Saturday, 15 November 2008

Brian bites back

Brian Horton's connections with Manchester City ceased long ago, but that is unlikely to stop him wanting more than anyone to put them to the sword this weekend.

Horton got fearful criticism for being the 'unshowbiz' appointment to the Manchester City manager's job under Peter Swales following Peter Reid's dismissal. As names and on-pitch achievements in the newfangled Premier League became more worthwhile, stupidly, than coaching qualifications or managerial experience, Horton never properly was allowed to settle at Maine Road.

During his tenure, the Swales Out campaign took a vice-like grip and the chairman with hair resembling a generous application of shoe-polish was forced out. Francis Lee, playing hero of the club in its 60s and 70s heyday, came in, spending his bog paper proceeds on a boardroom coup. And, immediately, everybody in the media assumed that Horton's days would be numbered.

This is something which has rankled with Horton ever since. He has managed numerous clubs in his 24 year association with the game since his first appointment (at Boothferry Park, of course) but this seemingly counted for nothing. He didn't play for England, won nothing with his club - hell, he even began as a non-league player. All this was apparently more significant than a wealth of experience with Hull City and Oxford United, from which his promotion tally was better than his relegation tally - put simply, he got promoted with the Tigers in his first season and very nearly made it two in a row the season after. Relegations? With either club? None.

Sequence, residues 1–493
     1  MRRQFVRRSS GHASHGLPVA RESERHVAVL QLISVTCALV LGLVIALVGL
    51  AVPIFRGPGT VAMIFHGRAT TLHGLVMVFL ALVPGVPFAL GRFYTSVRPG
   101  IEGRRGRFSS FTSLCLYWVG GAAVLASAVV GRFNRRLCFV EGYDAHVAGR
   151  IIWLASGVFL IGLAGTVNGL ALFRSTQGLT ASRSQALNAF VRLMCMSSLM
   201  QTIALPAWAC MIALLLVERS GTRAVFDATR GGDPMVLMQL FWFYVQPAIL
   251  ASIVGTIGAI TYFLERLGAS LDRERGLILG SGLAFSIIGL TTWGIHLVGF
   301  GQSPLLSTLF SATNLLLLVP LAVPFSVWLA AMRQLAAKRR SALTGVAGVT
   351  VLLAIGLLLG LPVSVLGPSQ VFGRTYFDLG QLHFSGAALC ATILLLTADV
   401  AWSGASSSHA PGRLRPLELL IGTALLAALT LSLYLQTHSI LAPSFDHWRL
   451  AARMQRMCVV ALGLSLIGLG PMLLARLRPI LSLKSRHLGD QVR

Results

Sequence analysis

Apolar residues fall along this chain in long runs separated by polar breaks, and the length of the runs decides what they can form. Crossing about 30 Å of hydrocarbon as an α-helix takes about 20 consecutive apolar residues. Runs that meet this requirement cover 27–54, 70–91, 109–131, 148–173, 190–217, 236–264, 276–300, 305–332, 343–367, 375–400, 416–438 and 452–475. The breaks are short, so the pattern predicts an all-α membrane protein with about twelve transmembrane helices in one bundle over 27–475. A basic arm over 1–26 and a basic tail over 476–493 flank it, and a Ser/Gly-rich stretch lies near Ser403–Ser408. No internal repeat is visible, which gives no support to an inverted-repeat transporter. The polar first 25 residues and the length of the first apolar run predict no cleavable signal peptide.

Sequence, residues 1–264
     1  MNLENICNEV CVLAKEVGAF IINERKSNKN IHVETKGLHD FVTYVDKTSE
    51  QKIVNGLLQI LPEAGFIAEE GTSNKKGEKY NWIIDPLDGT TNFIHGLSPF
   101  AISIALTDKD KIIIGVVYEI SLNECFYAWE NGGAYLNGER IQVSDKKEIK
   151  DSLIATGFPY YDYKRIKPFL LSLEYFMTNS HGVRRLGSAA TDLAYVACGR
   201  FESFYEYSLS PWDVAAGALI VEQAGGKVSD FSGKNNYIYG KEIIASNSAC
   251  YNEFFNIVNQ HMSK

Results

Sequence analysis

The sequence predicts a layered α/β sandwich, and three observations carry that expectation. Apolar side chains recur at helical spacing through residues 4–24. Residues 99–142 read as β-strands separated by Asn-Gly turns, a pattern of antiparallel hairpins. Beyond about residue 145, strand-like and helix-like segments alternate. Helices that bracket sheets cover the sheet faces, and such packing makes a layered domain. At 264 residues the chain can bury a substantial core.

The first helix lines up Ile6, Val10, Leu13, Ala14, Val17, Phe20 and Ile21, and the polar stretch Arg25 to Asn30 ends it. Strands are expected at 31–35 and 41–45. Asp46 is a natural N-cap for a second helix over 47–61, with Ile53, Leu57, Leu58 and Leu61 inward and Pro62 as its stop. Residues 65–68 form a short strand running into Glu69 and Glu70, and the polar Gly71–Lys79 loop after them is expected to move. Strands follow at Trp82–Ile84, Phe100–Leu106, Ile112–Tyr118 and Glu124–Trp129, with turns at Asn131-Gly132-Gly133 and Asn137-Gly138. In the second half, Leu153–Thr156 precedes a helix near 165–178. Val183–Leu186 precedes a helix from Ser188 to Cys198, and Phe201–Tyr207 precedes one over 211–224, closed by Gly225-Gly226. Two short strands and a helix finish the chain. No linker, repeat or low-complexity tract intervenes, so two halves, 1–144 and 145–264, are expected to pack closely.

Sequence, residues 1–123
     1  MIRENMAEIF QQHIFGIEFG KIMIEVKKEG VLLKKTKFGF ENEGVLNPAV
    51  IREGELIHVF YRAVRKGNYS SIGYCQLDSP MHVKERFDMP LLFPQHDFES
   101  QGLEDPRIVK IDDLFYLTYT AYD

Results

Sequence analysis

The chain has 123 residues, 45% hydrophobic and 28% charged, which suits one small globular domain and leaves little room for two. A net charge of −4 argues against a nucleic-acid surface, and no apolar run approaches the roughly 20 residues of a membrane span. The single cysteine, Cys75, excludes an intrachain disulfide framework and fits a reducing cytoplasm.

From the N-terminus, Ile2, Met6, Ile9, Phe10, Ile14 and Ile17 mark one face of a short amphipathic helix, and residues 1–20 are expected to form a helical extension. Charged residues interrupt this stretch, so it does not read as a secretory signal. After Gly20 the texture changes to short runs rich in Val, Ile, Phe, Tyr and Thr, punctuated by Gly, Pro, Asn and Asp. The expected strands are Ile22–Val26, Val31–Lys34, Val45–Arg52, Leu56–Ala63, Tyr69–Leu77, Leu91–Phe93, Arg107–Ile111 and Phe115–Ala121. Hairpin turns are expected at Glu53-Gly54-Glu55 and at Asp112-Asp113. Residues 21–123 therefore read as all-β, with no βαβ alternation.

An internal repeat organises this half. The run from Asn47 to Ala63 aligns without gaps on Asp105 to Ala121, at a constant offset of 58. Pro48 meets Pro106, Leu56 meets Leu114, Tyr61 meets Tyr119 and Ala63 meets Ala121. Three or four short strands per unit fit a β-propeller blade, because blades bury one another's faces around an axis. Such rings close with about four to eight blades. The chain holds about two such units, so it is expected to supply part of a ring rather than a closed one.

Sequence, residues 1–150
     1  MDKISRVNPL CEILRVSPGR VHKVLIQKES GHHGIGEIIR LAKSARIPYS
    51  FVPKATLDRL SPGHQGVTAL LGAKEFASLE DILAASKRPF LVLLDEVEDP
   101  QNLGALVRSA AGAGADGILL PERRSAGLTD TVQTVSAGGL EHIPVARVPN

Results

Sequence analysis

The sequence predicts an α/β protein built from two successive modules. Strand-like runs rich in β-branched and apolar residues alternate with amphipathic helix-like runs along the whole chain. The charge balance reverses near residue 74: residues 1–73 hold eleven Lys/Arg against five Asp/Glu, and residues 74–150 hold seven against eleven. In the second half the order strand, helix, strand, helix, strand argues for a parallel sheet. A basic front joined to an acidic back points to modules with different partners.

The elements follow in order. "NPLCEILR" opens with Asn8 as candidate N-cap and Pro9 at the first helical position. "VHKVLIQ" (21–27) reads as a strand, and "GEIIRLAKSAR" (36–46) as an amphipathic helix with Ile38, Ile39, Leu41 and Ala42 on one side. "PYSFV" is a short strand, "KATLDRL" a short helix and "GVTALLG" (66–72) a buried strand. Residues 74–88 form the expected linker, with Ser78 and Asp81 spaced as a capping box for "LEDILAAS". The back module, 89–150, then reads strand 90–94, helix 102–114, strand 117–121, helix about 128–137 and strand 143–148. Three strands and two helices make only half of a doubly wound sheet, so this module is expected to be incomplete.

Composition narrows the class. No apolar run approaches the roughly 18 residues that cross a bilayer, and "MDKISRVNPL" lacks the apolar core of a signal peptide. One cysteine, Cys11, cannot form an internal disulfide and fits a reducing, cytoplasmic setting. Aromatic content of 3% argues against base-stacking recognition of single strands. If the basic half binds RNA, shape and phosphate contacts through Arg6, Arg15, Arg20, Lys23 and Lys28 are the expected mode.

Lee himself had no reason other than stamping his own mark on the club to dismiss Horton, given that the team were playing admirable football and making use of Horton's longtime love for wingplay. Peter Beagrie and Nicky Summerbee were giving full backs hell and Niall Quinn and Paul Walsh, later Uwe Rosler, were happily getting on the end of their wares. Despite proactive, entrancing football though, the media weren't happy that Horton was not Lee's appointment.

Horton did eventually go, of course, in unlucky circumstances. Lee appointed his old England mucker Alan Ball, a World Cup winner and one of the great English players of his or any generation, and - well, a Manchester City fan could remind us of the disaster that became. To this day, some clubs don't learn that an awe-inspiring, bemedalled playing career doesn't mean management will suit. Bobby Charlton was a poor manager. Bobby Moore was catastrophic. Bryan Robson benefitted from his playing career entirely when acquiring work, given that far better managers with 90 fewer England caps and four fewer FA Cup winners medals were available and rejected for the jobs he got. Ball, a qualified success elsewhere, profited from Lee's personal friendship with him but his club were relegated.

Horton developed a mistrust for the media for some time afterwards, and it was clear that the iciness he sometimes portrayed during subsequent spells at Huddersfield, Brighton & Hove Albion and Port Vale was a lingering symptom of the faithless treatment he received from Lee's pals in the press. This is a man who, while at Macclesfield Town, completed 1,000 matches in charge of football teams - a stat only a handful of gaffers, with Ferguson and Clough among them, had already achieved.

Manchester City was the pinnacle in terms of size and status of Horton's managerial career. Horton has it on his CV - a Premier League manager with an authentic English giant. However, ask him where he achieved most in his non-playing career and it would come as no surprise if he still opted for Hull City - from 1984 to 1988, and again from 2007 onwards. And if a team he now helps shape and encourage beats the team he left due to little more than pettiness and politics, that achievement will have gone just a little further.